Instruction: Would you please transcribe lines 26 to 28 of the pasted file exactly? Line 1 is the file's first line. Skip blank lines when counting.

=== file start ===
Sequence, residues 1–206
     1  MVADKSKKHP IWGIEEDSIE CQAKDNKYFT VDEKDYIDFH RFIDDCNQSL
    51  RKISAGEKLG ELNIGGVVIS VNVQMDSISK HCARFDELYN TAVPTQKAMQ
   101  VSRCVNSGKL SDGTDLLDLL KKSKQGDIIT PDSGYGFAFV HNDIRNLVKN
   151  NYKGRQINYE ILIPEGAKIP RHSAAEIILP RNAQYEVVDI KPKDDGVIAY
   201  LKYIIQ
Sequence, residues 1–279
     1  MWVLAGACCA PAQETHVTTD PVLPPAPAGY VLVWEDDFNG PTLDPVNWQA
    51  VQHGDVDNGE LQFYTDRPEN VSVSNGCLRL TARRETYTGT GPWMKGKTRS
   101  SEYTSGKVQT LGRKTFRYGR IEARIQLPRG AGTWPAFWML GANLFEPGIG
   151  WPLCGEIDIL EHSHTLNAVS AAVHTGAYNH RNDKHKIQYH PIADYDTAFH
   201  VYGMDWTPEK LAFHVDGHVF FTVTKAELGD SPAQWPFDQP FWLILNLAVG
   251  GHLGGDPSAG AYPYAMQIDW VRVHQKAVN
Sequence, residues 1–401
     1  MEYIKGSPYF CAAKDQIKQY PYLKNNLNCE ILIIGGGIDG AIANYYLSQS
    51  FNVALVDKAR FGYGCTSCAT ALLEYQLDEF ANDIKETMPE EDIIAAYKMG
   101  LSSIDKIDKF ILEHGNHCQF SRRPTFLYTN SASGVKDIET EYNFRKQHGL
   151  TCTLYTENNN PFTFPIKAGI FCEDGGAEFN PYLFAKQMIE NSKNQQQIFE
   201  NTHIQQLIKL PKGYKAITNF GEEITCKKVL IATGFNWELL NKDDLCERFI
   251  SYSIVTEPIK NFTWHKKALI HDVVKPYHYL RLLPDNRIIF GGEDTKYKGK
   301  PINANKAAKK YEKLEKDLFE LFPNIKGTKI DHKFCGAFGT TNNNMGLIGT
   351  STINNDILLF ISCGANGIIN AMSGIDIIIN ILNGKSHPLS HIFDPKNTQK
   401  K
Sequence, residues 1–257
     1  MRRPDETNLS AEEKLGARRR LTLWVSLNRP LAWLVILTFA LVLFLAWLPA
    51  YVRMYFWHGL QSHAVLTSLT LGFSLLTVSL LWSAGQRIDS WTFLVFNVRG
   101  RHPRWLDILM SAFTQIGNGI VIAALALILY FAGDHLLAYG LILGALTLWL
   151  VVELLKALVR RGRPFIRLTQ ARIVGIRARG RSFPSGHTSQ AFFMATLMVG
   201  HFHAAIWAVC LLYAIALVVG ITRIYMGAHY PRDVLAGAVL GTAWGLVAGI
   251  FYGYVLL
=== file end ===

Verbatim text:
    51  YVRMYFWHGL QSHAVLTSLT LGFSLLTVSL LWSAGQRIDS WTFLVFNVRG
   101  RHPRWLDILM SAFTQIGNGI VIAALALILY FAGDHLLAYG LILGALTLWL
   151  VVELLKALVR RGRPFIRLTQ ARIVGIRARG RSFPSGHTSQ AFFMATLMVG